Our Kitchen Table strives to provide a fully balanced, fun, and delicious vegetarian meal each and every time. We are creative in utilizing other ways to introduce protein into our diet which does not always need to come from meat. The recent workshop we had a volunteer prepare her gorgeous lentil, tofu, and carrot rice recipe. Have a dish to share? Contact us!
Survey uncovers rampant malnutrition
By Chen Ping-hung and Jason Pan / Staff reporter, with staff writer
Many underprivileged children and families in the nation are malnourished, and often have NT$100 (US$3.30) or less to spend on a family evening dinner, according to a survey released by the Children Welfare League Foundation yesterday.
“Dinner for children of these families is often just rice and one helping of green vegetables. Some of them bring home leftovers from their school lunch for supper,” the foundation’s chief executive director Chen Li-ju (陳麗如) said.
“The survey showed that most of these children are malnourished. More than 90 percent of these families have no meat, fish, eggs or other source of protein for supper. More than one-third of these parents suffer from debilitating illness and about one-in-five have children suffering from physical or mental disability,” she said.
The survey was conducted by the foundation on the 3,722 families and the more than 5,000 children serviced by the foundation.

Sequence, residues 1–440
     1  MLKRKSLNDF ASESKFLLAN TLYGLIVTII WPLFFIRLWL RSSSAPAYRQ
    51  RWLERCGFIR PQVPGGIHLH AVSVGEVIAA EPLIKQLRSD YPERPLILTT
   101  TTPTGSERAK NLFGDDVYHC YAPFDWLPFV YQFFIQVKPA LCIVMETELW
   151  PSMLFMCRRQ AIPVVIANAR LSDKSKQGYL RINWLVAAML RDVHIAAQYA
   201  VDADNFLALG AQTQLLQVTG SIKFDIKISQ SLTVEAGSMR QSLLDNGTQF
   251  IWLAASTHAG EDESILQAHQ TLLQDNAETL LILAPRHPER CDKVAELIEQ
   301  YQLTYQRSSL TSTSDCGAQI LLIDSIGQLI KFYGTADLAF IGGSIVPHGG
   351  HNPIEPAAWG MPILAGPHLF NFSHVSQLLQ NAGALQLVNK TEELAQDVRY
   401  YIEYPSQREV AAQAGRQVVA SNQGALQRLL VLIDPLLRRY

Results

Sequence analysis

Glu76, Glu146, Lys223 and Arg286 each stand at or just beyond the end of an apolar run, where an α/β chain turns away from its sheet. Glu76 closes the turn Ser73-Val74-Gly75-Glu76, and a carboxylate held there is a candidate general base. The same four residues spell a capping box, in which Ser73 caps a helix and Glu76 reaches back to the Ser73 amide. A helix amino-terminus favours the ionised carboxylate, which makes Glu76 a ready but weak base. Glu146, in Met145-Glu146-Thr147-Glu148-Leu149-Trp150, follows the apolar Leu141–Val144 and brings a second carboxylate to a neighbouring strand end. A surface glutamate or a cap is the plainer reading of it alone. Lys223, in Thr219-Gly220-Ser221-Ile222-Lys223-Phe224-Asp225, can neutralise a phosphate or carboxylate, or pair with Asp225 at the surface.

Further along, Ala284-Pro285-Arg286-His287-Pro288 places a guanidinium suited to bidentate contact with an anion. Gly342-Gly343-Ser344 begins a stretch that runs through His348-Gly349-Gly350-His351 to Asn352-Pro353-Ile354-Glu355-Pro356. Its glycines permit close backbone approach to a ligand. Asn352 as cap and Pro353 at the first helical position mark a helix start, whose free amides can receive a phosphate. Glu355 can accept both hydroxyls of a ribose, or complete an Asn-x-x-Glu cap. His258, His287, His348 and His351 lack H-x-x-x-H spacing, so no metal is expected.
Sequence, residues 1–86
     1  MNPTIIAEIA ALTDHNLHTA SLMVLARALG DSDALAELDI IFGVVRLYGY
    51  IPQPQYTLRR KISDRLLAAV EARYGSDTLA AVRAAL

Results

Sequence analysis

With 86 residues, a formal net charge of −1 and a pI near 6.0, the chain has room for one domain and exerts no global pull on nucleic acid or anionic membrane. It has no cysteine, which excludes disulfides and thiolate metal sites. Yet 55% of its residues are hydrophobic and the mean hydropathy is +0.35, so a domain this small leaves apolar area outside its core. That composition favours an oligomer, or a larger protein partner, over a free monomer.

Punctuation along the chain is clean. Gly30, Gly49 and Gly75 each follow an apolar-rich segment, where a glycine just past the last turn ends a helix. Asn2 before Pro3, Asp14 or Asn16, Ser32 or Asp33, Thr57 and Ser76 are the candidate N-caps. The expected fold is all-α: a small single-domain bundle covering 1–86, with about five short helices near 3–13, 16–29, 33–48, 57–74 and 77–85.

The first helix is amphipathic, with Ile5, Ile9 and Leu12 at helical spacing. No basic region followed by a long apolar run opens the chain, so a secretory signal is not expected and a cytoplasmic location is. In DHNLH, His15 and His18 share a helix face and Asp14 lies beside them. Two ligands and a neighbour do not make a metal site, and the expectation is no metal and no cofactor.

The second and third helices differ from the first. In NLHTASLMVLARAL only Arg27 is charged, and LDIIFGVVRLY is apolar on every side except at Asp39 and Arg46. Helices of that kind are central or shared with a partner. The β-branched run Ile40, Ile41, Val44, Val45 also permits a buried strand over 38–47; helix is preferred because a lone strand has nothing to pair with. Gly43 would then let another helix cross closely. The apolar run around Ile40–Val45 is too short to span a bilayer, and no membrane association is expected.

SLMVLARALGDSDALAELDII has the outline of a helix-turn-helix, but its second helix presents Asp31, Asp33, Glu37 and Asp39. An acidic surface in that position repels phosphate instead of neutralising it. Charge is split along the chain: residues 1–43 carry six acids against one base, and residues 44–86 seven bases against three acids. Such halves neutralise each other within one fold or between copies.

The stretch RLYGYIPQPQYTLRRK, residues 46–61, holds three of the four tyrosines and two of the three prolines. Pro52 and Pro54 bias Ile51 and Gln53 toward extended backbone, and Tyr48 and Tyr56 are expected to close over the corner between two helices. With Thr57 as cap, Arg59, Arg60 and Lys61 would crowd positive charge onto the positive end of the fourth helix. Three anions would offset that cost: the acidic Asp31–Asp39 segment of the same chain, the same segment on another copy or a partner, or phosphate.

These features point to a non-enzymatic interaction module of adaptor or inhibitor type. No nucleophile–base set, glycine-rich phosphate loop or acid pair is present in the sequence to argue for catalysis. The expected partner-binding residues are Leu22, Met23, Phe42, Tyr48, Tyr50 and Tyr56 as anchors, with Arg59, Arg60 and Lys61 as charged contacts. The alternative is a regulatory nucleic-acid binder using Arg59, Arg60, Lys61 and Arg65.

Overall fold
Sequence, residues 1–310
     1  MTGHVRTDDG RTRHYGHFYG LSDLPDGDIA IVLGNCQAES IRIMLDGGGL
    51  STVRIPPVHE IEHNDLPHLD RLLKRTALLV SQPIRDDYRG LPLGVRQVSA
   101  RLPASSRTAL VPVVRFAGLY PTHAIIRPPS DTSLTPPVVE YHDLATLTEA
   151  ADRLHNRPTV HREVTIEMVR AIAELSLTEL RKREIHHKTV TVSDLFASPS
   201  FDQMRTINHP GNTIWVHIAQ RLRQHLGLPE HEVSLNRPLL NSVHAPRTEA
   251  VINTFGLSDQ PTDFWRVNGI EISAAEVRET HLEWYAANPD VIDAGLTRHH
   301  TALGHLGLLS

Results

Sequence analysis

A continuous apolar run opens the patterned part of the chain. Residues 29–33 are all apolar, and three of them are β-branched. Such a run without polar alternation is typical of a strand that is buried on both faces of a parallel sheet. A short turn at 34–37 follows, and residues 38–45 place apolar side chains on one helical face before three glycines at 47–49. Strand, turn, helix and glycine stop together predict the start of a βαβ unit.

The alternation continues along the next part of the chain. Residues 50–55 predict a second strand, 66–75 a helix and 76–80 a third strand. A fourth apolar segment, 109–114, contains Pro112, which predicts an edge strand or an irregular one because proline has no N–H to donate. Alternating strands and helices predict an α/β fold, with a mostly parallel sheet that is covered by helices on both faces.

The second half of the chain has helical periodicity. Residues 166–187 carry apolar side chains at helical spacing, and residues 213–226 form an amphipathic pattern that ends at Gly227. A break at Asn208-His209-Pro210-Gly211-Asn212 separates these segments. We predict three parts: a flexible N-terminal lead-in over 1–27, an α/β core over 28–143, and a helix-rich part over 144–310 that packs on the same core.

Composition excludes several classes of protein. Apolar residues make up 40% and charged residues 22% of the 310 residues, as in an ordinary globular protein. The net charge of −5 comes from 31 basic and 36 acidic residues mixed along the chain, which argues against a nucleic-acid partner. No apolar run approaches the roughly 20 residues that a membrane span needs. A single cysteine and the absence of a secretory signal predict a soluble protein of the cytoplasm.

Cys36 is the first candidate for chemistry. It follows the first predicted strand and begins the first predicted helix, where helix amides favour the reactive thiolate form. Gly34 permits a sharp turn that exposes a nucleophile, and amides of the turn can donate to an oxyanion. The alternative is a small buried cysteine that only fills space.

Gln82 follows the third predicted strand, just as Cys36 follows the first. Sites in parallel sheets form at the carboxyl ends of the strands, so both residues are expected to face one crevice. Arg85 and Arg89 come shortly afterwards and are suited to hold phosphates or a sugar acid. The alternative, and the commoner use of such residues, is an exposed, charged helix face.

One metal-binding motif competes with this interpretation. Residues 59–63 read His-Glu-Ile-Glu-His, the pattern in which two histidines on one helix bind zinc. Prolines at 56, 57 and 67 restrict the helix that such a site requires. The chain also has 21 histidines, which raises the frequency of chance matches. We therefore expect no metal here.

The result showed that more than 52.8 percent of families in need have a income that falls below the government’s minimum monthly wage of NT$19,047 and 63.1 percent have insufficient income to cover their regular monthly living expenses.
A total of 92.5 percent of the families sometimes have to borrow money to feed themselves, while 75.8 percent said they had to borrow money to raise their children, it showed.
The survey also showed that 60.4 percent of the parents said they have no time to look after their children because they have to work, while 57.6 percent have no time to speak to their children.
The foundation has launched a Web site to raise donations.
It added that its target this year is NT$30 million, which Chen said could help more than 5,000 children by covering their living expenses for one year and also help set up an emergency relief fund.